16. Fernando Meyer’s WebLog » jEdit as TextMate equivalent for Windows based Ruby on Rails development Says:

    [...] for a number of reasons. jEdit Tutorial: A How-To on [...]

  17. tasa Says:

    Hi, do you still have the file with jEdit snippets for RoR from here (http://synthesis.sbecker.net/articles/2006/03/20/jedit-snippets-for-ruby-on-rails)?
    If you have i wuld thank you a bunch if you could send it to me, or put somewhere for downloading, as the original download appears to be down, and the blog appears to be forgotten.


    P.S. Actually, uploading it would be a better option, as I seen many who seek this file in vain.

  18. jedit and web development as a free alternative for textmate « me looking so small in this world Says:

    [...] 2006 for nothing. Have several bundles to use. Whew.. Cool. Then there’s this great tutorial [...]

  19. found it Says:

    Found a set of shortcuts at http://dovetailcomputing.com/blog/2006/09/18/using-jedit-for-ruby-on-rails/

  20. Sune Simonsen Says:

    SuperAbbrevs 0.23 has just been released to the plugin manager.

    Enjoy !

  21. Editores + Ruby on Rails + Linux Says:

    [...] s que usei para configurar:


    jEdit Tutorial

    Rad [...]

  22. hrax Says:

    hey dude. Nice tutorial. Im more interested in mixing “variables” of abbreviation. SuperAbbres can’t understand something like this: ${1:class=”${2:inner}”}, TextMate can and i really miss this option.
    Has anyone an idea how to make it work? thanks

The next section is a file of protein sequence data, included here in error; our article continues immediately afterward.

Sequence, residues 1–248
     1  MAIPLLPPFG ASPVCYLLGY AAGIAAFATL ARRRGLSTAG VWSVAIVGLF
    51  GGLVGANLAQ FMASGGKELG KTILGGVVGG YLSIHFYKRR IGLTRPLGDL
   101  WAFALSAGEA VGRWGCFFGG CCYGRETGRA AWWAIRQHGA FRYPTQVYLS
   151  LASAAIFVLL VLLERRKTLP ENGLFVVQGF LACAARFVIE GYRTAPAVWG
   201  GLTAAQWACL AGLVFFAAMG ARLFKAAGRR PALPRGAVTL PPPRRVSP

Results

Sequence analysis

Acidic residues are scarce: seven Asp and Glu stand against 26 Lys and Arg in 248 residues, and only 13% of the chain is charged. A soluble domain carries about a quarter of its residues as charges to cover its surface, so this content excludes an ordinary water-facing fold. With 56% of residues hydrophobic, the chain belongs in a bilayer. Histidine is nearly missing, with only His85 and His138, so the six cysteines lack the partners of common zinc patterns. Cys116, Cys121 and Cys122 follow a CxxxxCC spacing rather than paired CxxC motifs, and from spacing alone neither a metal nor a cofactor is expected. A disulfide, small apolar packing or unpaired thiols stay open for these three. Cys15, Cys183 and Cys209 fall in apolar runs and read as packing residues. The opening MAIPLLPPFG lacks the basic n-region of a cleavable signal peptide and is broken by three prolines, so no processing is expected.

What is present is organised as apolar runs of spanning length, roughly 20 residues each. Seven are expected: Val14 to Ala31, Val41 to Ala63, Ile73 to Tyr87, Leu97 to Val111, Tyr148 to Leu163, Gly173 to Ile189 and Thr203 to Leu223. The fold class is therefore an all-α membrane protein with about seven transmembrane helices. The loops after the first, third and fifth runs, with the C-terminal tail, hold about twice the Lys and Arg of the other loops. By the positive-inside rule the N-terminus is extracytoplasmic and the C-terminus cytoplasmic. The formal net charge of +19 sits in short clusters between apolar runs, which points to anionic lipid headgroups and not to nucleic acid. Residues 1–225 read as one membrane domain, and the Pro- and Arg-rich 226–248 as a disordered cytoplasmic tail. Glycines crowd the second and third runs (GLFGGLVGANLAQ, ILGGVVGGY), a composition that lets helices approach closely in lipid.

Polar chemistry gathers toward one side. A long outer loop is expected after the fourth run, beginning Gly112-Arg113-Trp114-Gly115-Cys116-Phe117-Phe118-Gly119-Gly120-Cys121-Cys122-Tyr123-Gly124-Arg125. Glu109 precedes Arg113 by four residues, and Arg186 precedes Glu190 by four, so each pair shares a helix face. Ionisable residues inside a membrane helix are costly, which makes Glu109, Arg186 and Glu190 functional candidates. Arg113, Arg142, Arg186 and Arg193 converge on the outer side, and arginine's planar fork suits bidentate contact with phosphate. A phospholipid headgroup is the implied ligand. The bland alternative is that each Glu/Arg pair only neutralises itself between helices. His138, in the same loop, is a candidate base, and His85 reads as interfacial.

23. marekj | software testing » jEdit and Ruby and SuperAbbr plugin Says:

    [...] s pluging is impressive because it introduced a block of code and markers you can jump to. Here is a nice tutorial [...]

  24. Sune Simonsen Says:

    Hi hrax

    I’m Sorry but that feature is not in SuperAbbrevs right now, and it will be a while before I get around to implement it. There are so many other improvement and refinements I want to make first.

  25. Vinay Says:

    Hey thanks for the tips. Was really very helpful in understanding the jEdit. Keep up the good work.

  26. Robert Says:

    Can you wrap text in tags? Please email me if you can.


  27. Sune Simonsen Says:

    Yes you can wrap text in tags. Use the following template:

    Select the text you want to wrap, and invoke the action
    Plugins -> SuperAbbrevs -> Show expansion dialog
    write the abbreviation for the template above and hit enter.
    The selection will now be wrapped in tags.

  28. Roy Says:

    I’m obviously missing something here. I’ve just started using jEdit 1.5.0_06 and when I tried to get SuperAbbrevs going - no luck. The boxes I get look somewhat different to those shown above, also it seems that SA is already installed as it comes up in the Plugin Options dropdown and shows Tab, Shift Tab and Show expansion dialog options.
    When I type “if” and hit Shift Tab, an Add Abbreviations dialog comes up and I can insert the extended code into page. But this is obviously not what people are talking about.

    Any help very welcome

  29. Gerald Redila Says:

    thanks for the help. setting up and workin gwith the plugin was grat. but i have a problem with assigning + keystroke to “Expand abbreviation” cause its not on the list when i selected plugin:SupperAbbrevs

    I only see three items there, namely: Tab, Shift+Tabl, and Show expansion dialog…

    I tried reinstalling the SUperAbbrev plugin but it didnt change a thing. WHat should i do?